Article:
The Electric Commentary

Friday, August 12, 2005

The Coyote on Railroad Labor

An excellent post. You should read the whole thing.

Beginning in the late 1930's, but really gaining momentum in the late 1940's, railroads began to replace steam locomotives with diesel engines. Diesel locomotives were more reliable, easier to maintain, easier to operate (no coal to shovel) and could go much longer distances without service (steam engines stopped frequently for more water). As this transition occurred, railroad companies very reasonably sought to eliminate the position of "fireman" on diesel trains. After all, without a boiler and coal to shovel, the fireman role was totally redundant on a diesel engine. Railroad unions were nothing if not gutsy, and in response they argued that not only would they not accept elimination of the fireman position, but they campaigned for an addition of a second fireman on diesel engines. Railroads found themselves in the position of actually having to fight a nearly successful effort to increase the number of firemen on crews. As a result, they ended up accepting the fireman role, and generations of railroad men cruised about the country on engines for the next 40 years, doing virtually nothing for their pay. Railroads were still fighting to eliminate the fireman in the 1990's. In some cases, railroads were actually forced to pay "lonesome pay" to some engineers when the firemen were removed from their crew. LOL.

When I read Atlas Shrugged I was well aware of railway labor laws already, and as a result the rather ludicrous laws that exist in said book never seemed that implausible, as it does to some. While Rand certainly doesn't shy away from hyperbole, most of the railway law in said book is based in fact:

If you have ever read Atlas Shrugged, you will find that a lot of the outrageous legislation in that story that seemed too stupid to be true actually have a basis in the history of US railroad law. Even the "railroad unification act" that seems totally over-the-top toward the end of the book is based on actual railroad law after WWI:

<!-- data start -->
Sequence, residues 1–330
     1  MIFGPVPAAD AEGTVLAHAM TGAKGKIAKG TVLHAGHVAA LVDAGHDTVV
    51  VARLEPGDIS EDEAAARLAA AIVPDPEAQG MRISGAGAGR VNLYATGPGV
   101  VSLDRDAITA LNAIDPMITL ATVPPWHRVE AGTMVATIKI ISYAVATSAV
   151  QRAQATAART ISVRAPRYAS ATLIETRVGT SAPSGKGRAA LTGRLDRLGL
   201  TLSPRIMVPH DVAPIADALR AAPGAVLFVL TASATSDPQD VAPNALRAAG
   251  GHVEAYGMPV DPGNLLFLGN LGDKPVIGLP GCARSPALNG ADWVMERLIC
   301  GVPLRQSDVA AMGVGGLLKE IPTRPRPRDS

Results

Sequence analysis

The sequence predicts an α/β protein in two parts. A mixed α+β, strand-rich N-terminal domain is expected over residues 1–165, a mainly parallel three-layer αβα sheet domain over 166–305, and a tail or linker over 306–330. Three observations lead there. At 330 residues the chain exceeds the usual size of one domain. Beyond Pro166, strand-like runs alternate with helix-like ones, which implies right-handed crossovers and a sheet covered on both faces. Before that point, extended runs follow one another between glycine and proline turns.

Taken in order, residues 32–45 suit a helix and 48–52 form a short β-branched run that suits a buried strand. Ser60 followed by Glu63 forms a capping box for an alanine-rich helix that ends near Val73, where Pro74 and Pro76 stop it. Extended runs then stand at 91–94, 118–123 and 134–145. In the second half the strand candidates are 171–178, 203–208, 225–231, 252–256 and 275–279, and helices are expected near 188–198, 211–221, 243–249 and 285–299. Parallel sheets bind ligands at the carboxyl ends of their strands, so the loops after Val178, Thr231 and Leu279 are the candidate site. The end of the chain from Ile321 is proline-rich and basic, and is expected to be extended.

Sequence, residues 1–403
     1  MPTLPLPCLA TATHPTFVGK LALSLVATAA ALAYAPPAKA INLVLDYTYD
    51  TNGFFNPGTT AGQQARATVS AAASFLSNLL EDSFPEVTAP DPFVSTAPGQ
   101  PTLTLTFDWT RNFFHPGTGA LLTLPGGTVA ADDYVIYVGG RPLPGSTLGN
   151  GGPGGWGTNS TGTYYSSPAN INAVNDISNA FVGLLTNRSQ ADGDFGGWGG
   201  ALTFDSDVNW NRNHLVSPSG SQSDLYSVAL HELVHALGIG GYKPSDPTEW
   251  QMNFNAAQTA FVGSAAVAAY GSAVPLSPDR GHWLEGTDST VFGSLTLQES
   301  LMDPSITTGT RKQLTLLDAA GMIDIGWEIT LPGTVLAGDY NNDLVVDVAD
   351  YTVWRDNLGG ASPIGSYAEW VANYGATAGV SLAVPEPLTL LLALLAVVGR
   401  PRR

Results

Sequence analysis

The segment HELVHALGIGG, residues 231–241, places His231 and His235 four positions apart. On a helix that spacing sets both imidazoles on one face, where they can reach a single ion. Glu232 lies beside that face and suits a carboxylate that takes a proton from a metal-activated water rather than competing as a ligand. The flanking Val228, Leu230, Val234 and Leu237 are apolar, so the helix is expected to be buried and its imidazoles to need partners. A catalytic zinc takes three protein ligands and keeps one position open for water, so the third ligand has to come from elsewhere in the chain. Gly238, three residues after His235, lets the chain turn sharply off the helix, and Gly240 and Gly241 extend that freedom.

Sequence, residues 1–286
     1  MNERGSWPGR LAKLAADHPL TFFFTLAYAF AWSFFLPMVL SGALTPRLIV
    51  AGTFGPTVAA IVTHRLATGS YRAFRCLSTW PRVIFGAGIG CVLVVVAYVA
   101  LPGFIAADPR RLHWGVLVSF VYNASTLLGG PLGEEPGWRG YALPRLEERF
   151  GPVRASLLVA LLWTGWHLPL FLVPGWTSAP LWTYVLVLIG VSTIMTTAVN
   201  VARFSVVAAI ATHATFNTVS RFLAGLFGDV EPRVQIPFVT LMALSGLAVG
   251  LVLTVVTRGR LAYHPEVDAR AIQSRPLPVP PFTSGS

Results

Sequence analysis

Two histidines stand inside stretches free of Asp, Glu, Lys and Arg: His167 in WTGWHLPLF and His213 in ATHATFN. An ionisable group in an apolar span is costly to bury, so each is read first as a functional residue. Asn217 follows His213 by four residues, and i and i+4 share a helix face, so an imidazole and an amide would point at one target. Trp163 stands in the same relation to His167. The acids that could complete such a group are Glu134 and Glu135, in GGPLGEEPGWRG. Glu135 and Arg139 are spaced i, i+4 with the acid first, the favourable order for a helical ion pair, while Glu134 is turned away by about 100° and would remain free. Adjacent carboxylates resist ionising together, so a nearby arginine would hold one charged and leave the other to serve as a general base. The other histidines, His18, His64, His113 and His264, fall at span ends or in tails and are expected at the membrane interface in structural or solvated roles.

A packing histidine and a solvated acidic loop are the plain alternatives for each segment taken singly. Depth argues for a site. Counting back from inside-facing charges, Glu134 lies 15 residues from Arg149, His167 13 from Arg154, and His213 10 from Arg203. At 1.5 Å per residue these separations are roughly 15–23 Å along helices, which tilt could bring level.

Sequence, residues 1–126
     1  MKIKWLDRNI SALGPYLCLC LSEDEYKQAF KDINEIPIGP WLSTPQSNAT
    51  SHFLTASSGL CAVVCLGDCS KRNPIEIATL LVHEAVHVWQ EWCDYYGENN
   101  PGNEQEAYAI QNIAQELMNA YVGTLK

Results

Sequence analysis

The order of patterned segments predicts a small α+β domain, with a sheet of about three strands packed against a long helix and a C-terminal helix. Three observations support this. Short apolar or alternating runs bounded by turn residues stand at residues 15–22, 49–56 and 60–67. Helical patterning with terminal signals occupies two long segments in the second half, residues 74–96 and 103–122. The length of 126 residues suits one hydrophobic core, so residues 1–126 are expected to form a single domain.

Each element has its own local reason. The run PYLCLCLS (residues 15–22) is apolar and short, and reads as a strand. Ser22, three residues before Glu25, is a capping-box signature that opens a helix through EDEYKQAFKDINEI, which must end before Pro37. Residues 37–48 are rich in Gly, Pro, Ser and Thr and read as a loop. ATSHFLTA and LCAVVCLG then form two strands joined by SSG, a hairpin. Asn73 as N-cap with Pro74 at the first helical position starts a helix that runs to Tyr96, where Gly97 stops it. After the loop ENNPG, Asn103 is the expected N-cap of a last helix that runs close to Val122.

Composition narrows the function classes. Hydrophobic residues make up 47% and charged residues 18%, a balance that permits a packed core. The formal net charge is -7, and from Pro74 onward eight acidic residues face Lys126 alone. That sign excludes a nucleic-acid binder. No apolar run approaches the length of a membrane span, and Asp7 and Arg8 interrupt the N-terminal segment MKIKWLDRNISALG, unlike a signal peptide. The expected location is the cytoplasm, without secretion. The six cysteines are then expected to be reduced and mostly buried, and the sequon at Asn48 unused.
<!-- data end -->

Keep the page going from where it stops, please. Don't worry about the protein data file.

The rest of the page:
The Transportation Act of 1920 gave the Interstate Commerce Commission complete control over pricing, issuance of securities, expenditure of proceeds, consolidations, and the construction, use, and abandonment of facilities. The act set up a Railway Labor Board to mediate disputes. Its "recapture" provision required a portion of a company's earnings in excess of an allowable "fair return" to be diverted to railroads with relatively low earnings. Except for the most routine administration, almost everything owners might do was subject to federal regulation or dictation.


More on the transition of steam to diesel here. I am not very well versed on the subject, but apparently this specialized railroad labor law was later applied to airline pilots, with predictable results. It is interesting that the two industries covered by the RLA (railroads and airlines) have both seen every major carrier in their industry bankrupted over the last 50 years.

1 Comments:

  • And unions accuse CEO's & corporations of being greedy...

    Power struggles too often get out of control and become more about power and self interest than their cause.

    This is why we need more independent arbitrators and more political parties. Really, the Democrats and Republicans should be required to each split into two subgroups that can think independently and actually accurately represent the nation's interests. The Reps into social conservatives/rural and entrepreneurial/business. The Dems into liberals/poor and moderates/social progressives.

    By Anonymous Scott H, at 12:01 AM  

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